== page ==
When Democrats hold leadership elections this week, they will be choosing the speaker of the U.S. House of Representatives for the 116th Congress — the 55th person in U.S. history to serve in this critical government position.
Former House speaker Nancy Pelosi of California is favored to win the role for the second time, returning as the only woman to serve in the job, and the only woman to serve twice. If she wins, Pelosi will take over the position when the new Congress is sworn in next January, claiming the role from Paul Ryan, a Republican from Wisconsin, who has served as speaker since 2015.
Ryan is retiring from the U.S. Congress at the end of this term, but he would have been unable to continue as speaker even if he had decided to stay on. The position ostensibly is elected by the full membership of the House, but in fact the party in power gets to select one of its own to lead the House. Democrats won back control in the November midterm elections and likely will hold at least 233 of the 435 seats in the chamber.
By tradition, the speaker is chosen from within the majority party's senior leadership, but there are few official rules governing the process.
Technically, anyone — even someone who is not a member of the House of Representatives — could be elected speaker. But this has yet to happen. The speaker of the house continues to serve as the representative of his or her congressional district, handling constituents' concerns and voting on legislation, as well as tending to the larger administrative duties of running the House.
Speaker elections are held every two years when a new Congress is sworn into office. The selection of a new speaker also occurs if a speaker dies in office, is removed for wrongdoing, or steps aside partway through a Congress. This was the case when Speaker John Boehner resigned in 2015 under pressure from his own Republican members, initiating the election that resulted in the selection of Ryan.
The position of speaker was established in 1789 by an article of the U.S. Constitution. Over time, the speaker assumed important political responsibilities beyond the procedural responsibilities laid out by the founders of the United States.
Of utmost importance, the speaker is second in line to succeed the president — behind the vice president, and ahead of the president pro tempore of the U.S. Senate. If the president and vice president die or are incapacitated, the speaker would become acting president of the United States. This scenario has yet to occur in U.S. history.
In modern times, the speaker has wielded power in a number of ways. He or she is key in setting the legislative agenda for the majority party, serving as his or her congressional party's public face, making committee assignments, and governing the bill debate process. The speaker is also in charge of managing the complicated rules and procedures governing the House.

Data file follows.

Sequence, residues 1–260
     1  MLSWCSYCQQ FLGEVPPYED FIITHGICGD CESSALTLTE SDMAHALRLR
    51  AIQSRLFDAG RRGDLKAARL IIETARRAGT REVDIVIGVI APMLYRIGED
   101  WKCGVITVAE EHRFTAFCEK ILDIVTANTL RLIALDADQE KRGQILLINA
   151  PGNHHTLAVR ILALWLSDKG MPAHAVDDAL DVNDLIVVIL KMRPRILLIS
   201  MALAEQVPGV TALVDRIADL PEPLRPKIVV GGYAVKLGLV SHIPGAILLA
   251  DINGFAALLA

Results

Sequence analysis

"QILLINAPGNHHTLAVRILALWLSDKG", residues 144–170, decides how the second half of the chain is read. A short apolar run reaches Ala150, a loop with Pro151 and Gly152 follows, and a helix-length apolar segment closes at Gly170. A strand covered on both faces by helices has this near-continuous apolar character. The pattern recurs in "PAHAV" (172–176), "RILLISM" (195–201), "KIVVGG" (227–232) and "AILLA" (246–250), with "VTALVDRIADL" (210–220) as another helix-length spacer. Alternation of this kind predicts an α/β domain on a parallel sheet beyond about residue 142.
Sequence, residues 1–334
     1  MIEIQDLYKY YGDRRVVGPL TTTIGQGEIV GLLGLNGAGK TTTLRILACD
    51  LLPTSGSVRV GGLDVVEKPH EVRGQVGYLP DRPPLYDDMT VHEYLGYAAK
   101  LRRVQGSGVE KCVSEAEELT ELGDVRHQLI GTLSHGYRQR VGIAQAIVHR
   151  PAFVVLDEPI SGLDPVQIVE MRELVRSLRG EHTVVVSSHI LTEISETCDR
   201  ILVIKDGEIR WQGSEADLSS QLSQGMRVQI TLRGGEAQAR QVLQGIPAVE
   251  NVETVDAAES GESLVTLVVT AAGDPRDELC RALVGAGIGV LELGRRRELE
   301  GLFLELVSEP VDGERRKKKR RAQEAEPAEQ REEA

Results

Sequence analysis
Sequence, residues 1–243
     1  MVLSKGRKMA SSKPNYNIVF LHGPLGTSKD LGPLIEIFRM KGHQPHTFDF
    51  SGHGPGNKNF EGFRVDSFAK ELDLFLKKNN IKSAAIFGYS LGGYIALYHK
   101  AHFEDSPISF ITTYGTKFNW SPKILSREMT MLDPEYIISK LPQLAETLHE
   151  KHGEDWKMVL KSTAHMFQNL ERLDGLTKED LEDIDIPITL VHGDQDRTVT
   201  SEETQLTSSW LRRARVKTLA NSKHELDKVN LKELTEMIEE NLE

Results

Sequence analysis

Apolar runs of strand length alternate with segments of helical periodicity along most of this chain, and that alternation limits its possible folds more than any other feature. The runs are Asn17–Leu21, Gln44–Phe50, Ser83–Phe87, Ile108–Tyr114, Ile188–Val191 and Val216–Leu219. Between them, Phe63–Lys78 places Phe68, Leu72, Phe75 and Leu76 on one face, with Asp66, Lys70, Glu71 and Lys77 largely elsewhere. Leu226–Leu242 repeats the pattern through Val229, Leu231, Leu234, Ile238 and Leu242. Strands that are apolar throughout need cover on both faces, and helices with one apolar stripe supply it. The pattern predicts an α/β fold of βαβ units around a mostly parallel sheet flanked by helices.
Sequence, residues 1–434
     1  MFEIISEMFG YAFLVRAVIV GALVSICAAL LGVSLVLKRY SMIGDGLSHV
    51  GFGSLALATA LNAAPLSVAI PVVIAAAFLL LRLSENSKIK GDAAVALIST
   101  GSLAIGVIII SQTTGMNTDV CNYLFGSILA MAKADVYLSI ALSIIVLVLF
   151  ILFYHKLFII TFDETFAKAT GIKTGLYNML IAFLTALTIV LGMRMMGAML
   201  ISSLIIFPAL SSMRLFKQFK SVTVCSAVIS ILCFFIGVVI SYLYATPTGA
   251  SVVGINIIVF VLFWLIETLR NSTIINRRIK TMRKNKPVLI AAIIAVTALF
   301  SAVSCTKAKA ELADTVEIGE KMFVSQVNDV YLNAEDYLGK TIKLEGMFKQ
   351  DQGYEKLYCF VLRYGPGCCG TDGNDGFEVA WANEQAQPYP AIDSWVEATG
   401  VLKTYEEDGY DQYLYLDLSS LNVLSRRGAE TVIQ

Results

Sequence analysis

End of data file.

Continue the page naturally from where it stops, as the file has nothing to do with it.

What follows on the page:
All government spending and tax legislation must originate in the House under the Constitution, which gives the speaker and his or her committee chairmen considerable leverage in negotiating with the Senate and the White House.
Over the decades, power has shifted back and forth between the speaker and House committee chairmen. In the mid-1990s, when Republicans took control of the House for the first time in 40 years during the Clinton administration, Speaker Newt Gingrich consolidated power within the speaker's office and enhanced its role as a political force.
Gingrich, an iconoclastic Georgia Republican, said he saw his position "as essentially the political leader of a grassroots movement seeking to do nothing less than reshape the federal government along with the political culture of the nation."
This broad political power can generate significant problems. The speaker has to manage the often-conflicting demands of factions within his or her party and marshal enough votes to pass pieces of legislation.
Ryan's tenure was marked by the challenges of governing his own caucus — including negotiating the concerns of the House Freedom Caucus, a powerful conservative voting bloc within the Republican Party.
Ryan also had to find a way to pass legislation while contending with President Donald Trump's mercurial leadership style. He was often called upon to answer for some of Trump's more controversial public statements and tweets.
Speaker elections are usually decided in party meetings before the decision goes to a full House floor vote in January. By tradition, a candidate must receive an absolute majority of votes from all members to be elected. The last time a speaker election was contested on the House floor was in 1923.
Pelosi faces a challenge from within her own party from younger and newly elected members who have publicly said it is time for Democrats to have fresh perspectives in leadership. Sixteen Democrats signed a letter last week vowing to oppose Pelosi for speaker on the House floor, while several others including freshmen Mikie Sherill of New Jersey and Abigail Spanberger of Virginia have threatened to do the same.
Pelosi, 78, who was first elected to the House in 1987, can only afford to lose 15 Democratic votes and still win the speakership. If she can't secure the necessary majority of Democrats in Wednesday's party caucus, the battle will move to the House floor, where she could use the additional time for further negotiations with dissident members of her own party or — far less likely — attempt to win over Republican votes for a majority.
So far, no one within the House Democratic Caucus has emerged to challenge Pelosi. Representative Marcia L. Fudge of Ohio weighed a run but announced last week she would vote for Pelosi in return for support of her legislative priorities.